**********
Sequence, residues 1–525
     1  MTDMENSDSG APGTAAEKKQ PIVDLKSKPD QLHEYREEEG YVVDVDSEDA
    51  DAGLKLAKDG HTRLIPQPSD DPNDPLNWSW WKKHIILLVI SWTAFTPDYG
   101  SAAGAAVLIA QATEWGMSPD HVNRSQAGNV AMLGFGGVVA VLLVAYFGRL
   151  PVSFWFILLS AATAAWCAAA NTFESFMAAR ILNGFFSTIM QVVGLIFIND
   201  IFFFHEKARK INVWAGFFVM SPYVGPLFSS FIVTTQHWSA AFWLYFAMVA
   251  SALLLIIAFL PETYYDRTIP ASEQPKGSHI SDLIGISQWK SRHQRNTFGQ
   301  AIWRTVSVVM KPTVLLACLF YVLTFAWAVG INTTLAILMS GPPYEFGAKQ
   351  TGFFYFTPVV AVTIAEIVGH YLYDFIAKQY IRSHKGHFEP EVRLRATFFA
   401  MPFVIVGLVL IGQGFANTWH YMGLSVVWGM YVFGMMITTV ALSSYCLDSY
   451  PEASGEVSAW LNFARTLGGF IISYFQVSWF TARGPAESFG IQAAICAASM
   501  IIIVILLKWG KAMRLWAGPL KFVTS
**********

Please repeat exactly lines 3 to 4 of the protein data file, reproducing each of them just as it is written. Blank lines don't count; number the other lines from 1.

    51  DAGLKLAKDG HTRLIPQPSD DPNDPLNWSW WKKHIILLVI SWTAFTPDYG
   101  SAAGAAVLIA QATEWGMSPD HVNRSQAGNV AMLGFGGVVA VLLVAYFGRL